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No sooner had Taibu made his feelings known than the immature thugs destroying that country set out to silence him. Not that Taibu's voice was heard in his own country. Of course the usual mouthpieces defended the usual suspects, namely the managing director Ozias Bvute and his chairman Peter Chingoka. Fortunately many brave souls remain in that desperate country, not least priests, lawyers and journalists, and most particularly Cricinfo's man on the spot.
Accordingly Taibu's intervention and its consequences reached a wider audience. No sooner had his protest been made than a phone call was received from a nasty little man connected both with the illegitimate government and the cricket board ( which are interchangeable). So threatening was the call, so sinister were the implications that Taibu and his wife packed their bags, left their homes and decamped to a hotel before moving again to join friends.
Taibu is no pushover. He is a tough, courageous competitor prepared to stand his ground against allcomers. He considered joining Heath Streak and colleagues in their recent stand against the arrogance and racism that had become entrenched at ZC. Two things stopped him. He knew that frustration had been building amongst the senior players but also understood the need to encourage black players. He had learned the game the hard way, in hot, bare fields and in the hands of a coach who beat him whenever he missed a practice.
As a proud Zimbabwean he knew that many others yearned for opportunity. As a young man he wanted to believe. He wanted to represent his country, to create laughter and joy. " When we win," he said," I see a lot of smiling faces." he knew about the suffering and thought about the relief. Hoping that better days lay ahead, he accepted the captaincy and ever since has done his utmost to maintain standards. To his credit he was mentioned as a candidate for the World XI. All he expected from his board was honesty, respect and encouragement. None has been forthcoming.
Outwardly Taibu and his 73 peers were complaining about issues that concern players, such as contracts and safety. It was the timing not the content of their protest that upset the villains. A fierce battle has broken out in Zimbabwean cricket between the Board in the persons of Bvute, Chingoka and cronies, and the six provinces whose representatives argue that " ZC faces a crisis of legitimacy which calls into question its leadership and transparency as the custodians of the game." They want Bvute and Chingoka to stand down pending an independent audit of the accounts.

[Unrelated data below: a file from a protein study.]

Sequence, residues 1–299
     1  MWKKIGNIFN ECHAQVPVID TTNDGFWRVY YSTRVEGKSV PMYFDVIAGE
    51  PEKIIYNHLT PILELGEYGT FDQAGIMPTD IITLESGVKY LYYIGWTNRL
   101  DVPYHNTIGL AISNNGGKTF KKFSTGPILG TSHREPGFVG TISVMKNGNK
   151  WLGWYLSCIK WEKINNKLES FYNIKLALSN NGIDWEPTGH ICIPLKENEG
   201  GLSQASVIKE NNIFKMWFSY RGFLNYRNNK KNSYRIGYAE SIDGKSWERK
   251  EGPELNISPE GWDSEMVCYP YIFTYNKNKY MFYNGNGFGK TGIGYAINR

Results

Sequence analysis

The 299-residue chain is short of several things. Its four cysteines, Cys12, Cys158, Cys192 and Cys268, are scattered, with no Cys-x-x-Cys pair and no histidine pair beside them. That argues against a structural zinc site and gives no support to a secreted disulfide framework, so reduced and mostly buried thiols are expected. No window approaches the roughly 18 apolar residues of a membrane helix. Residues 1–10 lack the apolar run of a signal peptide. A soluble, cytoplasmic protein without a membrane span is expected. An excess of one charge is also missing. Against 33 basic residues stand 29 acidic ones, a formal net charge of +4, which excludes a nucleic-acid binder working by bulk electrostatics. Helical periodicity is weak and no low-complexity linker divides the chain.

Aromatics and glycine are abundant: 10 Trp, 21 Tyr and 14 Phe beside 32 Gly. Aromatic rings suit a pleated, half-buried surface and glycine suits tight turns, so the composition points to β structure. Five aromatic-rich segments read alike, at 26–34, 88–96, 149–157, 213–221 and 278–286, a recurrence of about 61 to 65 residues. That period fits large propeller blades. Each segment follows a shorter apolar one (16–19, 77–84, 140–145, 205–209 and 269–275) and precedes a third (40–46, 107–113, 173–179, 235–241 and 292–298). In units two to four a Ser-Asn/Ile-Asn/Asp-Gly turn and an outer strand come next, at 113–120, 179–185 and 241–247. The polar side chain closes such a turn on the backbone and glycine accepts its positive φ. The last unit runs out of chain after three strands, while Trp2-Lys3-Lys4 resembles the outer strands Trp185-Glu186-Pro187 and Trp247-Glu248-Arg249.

ZC's response to this challenge has been breathtaking in its arrogance. Bvute and Chingoka have threatened to create five ghost provinces and to put their most intemperate Zanu PF pals at their helm. Unable to convince any responsible patriot of their legitimacy, they have turned towards poseurs fuelled by destruction and jealousy. Isolated in their office, eager to retain their luxurious lifestyles, they cling to power like leeches to bodies. And, to think, Chingoka was once a decent man.
Although honourable in their intentions, Streak and company played their parts in their own downfall. They appointed an adolescent lawyer and argued the wrong case. The ICC did its best by sending experienced jurists to investigate the matter but their appointees were useless. The rebels had a point but the white population of Rhodesia created its own tyrannies and some ground had to be conceded. Now the situation could not be more clearcut. Now the monster is devouring its own. Taibu is black, patriotic, intelligent, independent. Not so easy to cast him as a stooge. His is the true voice of Zimbabwean cricket
Governance has long been the main problem facing the ICC. It cannot involve itself in every dispute or else it would constantly be fighting court cases in India or confronting corruption in Sri Lanka. Nor can the ICC ignore the viciousness that has become the hallmark of the ZC. Bvute and Chingoka must be removed from office. Cricket cannot have such men on its payroll, cannot put the hopes and dreams of youngsters in their hands. The game is up. In the name of God, go.
Peter Roebuck played for Somerset in the 1970s and 1980s. He writes for the Sydney Morning Herald among other publications.